Re: rules for 2nd inteface on gateway
On 5 Apr 2005, Steve wrote:
> I'm new to this list and new to firewall so please be kind if any
> question seem obvious.
> Here is my problem. I have a little home lan with one interface
> connected to my modem/router (eth0), another for the lan (ath0,
> wireless) and a third one (eth1) which I use to repair thing when the
> wireless doesn't work (very rarely):
> eth0 : 192.168.1.35 fixed
> ath0: 192.168.20.1 fixed (and two boxes on that network, *.20.2 et
> eth1: 192.168.2.2 fixe
> and I defined two ip aliases on eth1, eth1:1 and eth1:2 as
> eth1:1 : 192.168.10.1
> eth1:2 : 192.168.10.2
> in order to run ntp on them and have my lan get the time from it.
You shouldn't need to create false interfaces addresses in order to run
NTP, or for other machines to sync to that system.
If you read the instructions that said you should have three sources,
and took that to mean you should do this, you missed the point - the
three sources makes sure that if one goes bad, your system can tell.
Having one time source, but pretending it is actually three different
sources, isn't really a good idea.
> Everything work fine until I decided to activate on the gateway the
> iptables. Now, from the internet all of my ports are blocked, as
> desired, I can surf without any problem from any of the 192.168.20.0/24
> boxes, but they cannot access the 192.168.10.0 network and this is were
> my question arises. Which rules do I have to put to get things
You need to add rules to your 'FORWARD' table, permitting those networks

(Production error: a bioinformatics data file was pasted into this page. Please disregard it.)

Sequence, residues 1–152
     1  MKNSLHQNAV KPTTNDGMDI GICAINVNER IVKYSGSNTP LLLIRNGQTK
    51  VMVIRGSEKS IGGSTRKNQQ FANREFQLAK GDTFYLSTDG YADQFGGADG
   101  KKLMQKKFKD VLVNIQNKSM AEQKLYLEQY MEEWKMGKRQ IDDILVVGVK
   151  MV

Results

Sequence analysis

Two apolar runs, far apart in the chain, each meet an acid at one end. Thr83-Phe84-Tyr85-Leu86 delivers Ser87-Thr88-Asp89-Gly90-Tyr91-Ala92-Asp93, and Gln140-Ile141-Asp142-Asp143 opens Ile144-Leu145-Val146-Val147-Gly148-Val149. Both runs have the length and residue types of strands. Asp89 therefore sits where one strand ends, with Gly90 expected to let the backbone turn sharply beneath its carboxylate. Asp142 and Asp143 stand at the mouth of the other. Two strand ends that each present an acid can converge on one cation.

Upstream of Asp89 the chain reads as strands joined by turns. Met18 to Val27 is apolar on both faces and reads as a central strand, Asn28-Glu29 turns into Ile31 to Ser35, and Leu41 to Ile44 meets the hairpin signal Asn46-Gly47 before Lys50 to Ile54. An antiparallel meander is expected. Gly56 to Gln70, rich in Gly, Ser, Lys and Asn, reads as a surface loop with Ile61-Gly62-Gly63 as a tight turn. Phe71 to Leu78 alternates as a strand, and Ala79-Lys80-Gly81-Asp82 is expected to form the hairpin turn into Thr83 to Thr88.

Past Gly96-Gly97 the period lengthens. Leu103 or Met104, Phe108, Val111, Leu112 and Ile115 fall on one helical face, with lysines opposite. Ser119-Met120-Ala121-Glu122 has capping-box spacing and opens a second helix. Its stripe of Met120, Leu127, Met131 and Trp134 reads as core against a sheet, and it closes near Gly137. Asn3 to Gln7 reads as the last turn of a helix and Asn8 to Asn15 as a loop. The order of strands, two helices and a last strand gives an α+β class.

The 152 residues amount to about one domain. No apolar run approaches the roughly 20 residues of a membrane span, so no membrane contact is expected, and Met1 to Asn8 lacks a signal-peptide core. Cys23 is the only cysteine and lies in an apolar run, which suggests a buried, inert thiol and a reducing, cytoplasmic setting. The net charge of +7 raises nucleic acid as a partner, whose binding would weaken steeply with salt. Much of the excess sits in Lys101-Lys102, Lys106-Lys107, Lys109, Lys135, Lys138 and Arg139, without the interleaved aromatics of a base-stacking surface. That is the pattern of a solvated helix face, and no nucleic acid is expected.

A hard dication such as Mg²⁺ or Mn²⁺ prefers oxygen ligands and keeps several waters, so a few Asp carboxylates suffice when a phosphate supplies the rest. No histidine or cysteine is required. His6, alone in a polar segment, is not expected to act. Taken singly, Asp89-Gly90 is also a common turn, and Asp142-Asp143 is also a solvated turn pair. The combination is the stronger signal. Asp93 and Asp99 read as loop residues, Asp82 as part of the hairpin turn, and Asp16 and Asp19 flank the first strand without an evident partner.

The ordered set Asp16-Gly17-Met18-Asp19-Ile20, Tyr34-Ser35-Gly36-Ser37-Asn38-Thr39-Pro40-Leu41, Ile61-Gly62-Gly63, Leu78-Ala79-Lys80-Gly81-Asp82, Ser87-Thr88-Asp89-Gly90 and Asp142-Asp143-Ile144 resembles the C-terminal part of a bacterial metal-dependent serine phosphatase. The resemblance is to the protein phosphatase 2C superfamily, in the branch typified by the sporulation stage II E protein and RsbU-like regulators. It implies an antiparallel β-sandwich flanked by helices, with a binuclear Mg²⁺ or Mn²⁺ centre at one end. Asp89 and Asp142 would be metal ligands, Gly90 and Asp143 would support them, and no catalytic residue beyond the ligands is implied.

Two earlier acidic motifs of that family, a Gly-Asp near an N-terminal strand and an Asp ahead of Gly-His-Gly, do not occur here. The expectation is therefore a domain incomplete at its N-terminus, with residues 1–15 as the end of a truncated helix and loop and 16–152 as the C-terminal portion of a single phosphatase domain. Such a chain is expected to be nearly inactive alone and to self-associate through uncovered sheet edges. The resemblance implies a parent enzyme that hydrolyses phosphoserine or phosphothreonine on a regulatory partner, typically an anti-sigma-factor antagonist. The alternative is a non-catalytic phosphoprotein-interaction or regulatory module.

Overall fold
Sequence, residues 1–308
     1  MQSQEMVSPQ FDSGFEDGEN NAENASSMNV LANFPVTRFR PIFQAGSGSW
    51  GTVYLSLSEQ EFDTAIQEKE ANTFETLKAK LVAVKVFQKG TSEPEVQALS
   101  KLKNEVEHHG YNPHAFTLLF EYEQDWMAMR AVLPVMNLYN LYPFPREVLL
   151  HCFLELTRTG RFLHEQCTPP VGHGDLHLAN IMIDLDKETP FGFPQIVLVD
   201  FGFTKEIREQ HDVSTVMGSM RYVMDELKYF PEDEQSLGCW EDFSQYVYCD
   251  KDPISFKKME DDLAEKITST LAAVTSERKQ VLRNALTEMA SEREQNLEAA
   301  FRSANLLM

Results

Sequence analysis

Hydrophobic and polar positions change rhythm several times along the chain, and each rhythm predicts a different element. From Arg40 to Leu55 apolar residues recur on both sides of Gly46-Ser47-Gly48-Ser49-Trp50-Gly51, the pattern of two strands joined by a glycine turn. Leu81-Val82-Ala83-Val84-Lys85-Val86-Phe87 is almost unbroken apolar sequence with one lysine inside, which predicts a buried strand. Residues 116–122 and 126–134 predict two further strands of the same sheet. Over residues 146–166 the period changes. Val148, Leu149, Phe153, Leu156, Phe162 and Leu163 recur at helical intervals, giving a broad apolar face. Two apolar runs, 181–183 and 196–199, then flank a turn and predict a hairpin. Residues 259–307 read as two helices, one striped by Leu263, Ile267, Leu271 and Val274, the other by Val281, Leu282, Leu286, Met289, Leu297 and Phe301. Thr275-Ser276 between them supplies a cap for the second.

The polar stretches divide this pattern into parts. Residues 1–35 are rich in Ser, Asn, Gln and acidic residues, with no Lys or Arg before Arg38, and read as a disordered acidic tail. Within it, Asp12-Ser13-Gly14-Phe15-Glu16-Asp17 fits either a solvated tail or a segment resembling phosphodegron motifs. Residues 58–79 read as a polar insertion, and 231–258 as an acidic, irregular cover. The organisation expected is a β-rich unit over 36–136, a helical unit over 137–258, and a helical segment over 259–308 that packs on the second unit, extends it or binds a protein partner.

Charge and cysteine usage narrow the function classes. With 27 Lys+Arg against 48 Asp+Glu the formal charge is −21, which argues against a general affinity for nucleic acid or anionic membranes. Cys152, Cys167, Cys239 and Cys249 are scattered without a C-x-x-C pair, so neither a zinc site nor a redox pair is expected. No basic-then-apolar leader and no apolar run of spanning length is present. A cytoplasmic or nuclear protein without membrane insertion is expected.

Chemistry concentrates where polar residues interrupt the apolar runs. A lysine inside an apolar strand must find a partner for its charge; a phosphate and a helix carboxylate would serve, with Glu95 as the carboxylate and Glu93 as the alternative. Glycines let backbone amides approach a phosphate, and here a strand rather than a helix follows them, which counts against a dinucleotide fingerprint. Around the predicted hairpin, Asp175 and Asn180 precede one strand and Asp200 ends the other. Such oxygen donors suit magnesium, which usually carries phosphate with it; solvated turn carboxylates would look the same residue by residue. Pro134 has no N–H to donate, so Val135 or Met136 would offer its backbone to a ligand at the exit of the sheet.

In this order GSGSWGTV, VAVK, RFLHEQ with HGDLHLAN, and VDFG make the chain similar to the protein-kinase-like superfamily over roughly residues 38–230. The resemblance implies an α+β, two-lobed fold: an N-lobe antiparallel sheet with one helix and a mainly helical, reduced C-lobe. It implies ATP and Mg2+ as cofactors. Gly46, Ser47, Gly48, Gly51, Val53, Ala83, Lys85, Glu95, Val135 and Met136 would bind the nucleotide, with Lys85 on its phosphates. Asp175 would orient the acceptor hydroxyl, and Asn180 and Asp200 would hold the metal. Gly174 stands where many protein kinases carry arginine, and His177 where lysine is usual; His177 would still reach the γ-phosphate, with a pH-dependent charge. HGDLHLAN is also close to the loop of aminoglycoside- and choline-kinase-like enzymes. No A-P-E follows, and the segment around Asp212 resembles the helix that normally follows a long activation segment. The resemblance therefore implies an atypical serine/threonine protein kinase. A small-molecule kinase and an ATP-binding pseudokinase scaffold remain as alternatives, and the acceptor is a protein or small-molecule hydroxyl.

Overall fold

to talk to each other. Something akin to this:
iptables -A FORWARD -i ath0 -o eth1 -s 192.168.20.0/24 \
-d 220.127.116.11/24 -j ACCEPT
You also need the reverse rules - swap the '-i' and '-o', and '-s' and
'-d' options, but otherwise repeat that.
This will permit traffic that matches those rules to pass through.
You might want to consider using some sort of helper script to do this
work for you, though, since they generally give you things like logging
of blocked packets for "free".
Then you could see from those logs what was going on, and why the
connection was failing.
I recommend 'firehol', which takes the hard work out of building
iptables rules, without taking away the flexibility. It reduces the
above code to two lines, for most systems, with a good deal more
capability and functionality.
If you want to make sense...you should never use the world *should* or
*ought* until after you've used the word *if.*
-- Todd Andrews, speaking in John Barth's _The Floating Opera_